Blog Archives

Showing a distribution over time: how many summary stats?

August 13, 2015
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Showing a distribution over time: how many summary stats?

I saw this nice graph today on Twitter, by Thomas Forth: but the more I looked at it, the more I felt it was hard to understand the changes over time across the income distribution from the Gini coefficient and … Continue reading →

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St Swithun’s Day simulator

July 15, 2015
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St Swithun’s Day simulator

I got a bit bored (sorry Mike), and wrote this. I didn’t take long (I tell you that not so much to cover my backside as to celebrate the majesty of R). First, I estimated probabilities of a day being … Continue reading →

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Roman dataviz and inference in complex systems

May 29, 2015
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Roman dataviz and inference in complex systems

I’m in Rome at the International Workshop on Computational Economics and Econometrics. I gave a seminar on Monday on the ever-popular subject of data visualization. Slides are here. In a few minutes, I’ll be speaking on Inference in Complex Systems, … Continue reading →

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Slice bivariate densities, or the Joy Division “waterfall plot”

October 8, 2014
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Slice bivariate densities, or the Joy Division “waterfall plot”

This has been on my to-do list for a long old time. Lining up slices through a bivariate density seems a much more intuitive way of depicting it than contour plots or some ghastly rotating 3-D thing (urgh). Of course, … Continue reading →

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Transparent hurricane paths in R

October 1, 2014
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Transparent hurricane paths in R

Arthur Charpentier has written a really nice blog post about obtaining hurricane tracks and plotting them. He then goes on to do other clever Markov process models, but as a dataviz guy who knows almost nothing about meteorology, I want to … Continue reading →

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Save your simulation study seeds

September 11, 2014
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Save your simulation study seeds

Here in the Northern hemisphere, gardeners are gathering seeds from their prize-winning vegetables are storing them away for next year’s crop. Today at the 20th London Stata Users’ Group meeting, I learnt a similar trick. It’s strange I never thought … Continue reading →

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Two handy documents for making good UK maps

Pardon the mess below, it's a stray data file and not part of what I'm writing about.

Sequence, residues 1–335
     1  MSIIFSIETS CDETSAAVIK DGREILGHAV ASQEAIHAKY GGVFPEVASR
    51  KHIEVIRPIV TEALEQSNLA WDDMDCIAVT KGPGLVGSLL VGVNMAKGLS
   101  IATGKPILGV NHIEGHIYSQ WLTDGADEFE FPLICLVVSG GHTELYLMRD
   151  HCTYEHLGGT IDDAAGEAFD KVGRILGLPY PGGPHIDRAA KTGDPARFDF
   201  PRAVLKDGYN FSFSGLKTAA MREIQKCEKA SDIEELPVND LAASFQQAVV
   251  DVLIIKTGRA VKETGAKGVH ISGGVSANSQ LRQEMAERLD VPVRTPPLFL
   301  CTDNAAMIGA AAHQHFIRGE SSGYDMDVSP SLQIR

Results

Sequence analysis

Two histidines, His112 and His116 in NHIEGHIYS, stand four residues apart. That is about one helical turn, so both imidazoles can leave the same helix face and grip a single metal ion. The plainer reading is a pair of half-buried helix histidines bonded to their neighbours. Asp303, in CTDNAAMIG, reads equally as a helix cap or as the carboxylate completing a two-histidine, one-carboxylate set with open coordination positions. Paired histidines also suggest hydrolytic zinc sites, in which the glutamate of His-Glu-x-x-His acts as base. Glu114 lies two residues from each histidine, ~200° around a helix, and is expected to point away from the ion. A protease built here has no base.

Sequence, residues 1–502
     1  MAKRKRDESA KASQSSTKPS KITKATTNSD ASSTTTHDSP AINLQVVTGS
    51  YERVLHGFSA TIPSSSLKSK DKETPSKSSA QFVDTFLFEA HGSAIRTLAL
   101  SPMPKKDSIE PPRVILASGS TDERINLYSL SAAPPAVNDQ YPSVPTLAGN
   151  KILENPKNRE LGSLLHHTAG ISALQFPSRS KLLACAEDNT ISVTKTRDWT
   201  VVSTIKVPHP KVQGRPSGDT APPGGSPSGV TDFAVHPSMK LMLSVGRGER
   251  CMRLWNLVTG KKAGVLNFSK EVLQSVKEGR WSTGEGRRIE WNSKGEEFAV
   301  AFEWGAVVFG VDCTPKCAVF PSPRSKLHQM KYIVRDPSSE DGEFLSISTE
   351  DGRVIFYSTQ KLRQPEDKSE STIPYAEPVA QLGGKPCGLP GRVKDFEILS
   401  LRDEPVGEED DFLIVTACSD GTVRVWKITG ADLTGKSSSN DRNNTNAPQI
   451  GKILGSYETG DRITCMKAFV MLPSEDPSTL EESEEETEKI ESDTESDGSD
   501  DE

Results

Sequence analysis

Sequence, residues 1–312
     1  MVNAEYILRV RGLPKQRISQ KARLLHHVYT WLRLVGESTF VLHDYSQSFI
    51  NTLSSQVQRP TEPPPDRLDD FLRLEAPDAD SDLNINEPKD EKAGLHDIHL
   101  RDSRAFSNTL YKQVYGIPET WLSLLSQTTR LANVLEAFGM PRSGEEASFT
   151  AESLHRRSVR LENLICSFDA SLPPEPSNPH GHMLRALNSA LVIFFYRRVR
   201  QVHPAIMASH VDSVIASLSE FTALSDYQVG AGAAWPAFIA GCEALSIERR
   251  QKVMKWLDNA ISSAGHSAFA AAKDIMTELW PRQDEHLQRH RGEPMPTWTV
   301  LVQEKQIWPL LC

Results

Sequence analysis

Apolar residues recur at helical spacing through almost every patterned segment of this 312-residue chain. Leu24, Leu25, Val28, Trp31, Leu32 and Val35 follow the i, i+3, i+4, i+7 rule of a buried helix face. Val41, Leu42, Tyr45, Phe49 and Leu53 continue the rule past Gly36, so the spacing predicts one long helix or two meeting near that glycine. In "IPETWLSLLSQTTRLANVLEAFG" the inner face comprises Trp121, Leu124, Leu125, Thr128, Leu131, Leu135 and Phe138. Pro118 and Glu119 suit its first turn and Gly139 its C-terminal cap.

July 4, 2014
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Two handy documents for making good UK maps

Everybody loves a good map. Even if you don’t have any reason to make one, your boss will love it when you do, so check this out and get yourself a pay rise (possibly). First, this set of diagrams via … Continue reading →

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Meta-analysis methods when studies are not normally distributed

June 10, 2014
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Meta-analysis methods when studies are not normally distributed

Yesterday I was reading Kontopantelis & Reeves’s 2010 paper “Performance of statistical methods for meta-analysis when true study effects are non-normally distributed: A simulation study“, which compares fixed-effects and a variety of random effects models under the (entirely realistic) situation … Continue reading →

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Stats in bed, part 1: Ubuntu Touch

April 25, 2014
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Stats in bed, part 1: Ubuntu Touch

Round at the RSS Statistical Computing committee, we were having a chuckle at the prospect of a meeting about Stats In Bed. By which I mean analysis on mobile devices, phones and tablets (henceforth phablets), not some sort of raunchy … Continue reading →

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Beeps and progress alerts to your phone

April 9, 2014
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Beeps and progress alerts to your phone

Recently I encountered an R package called pingr, made by Rasmus Bååth (the same guy who did MCMC in a web page, my visualization of 2013). You install it, you type ping(), and it goes ping. Nice. In fact there … Continue reading →

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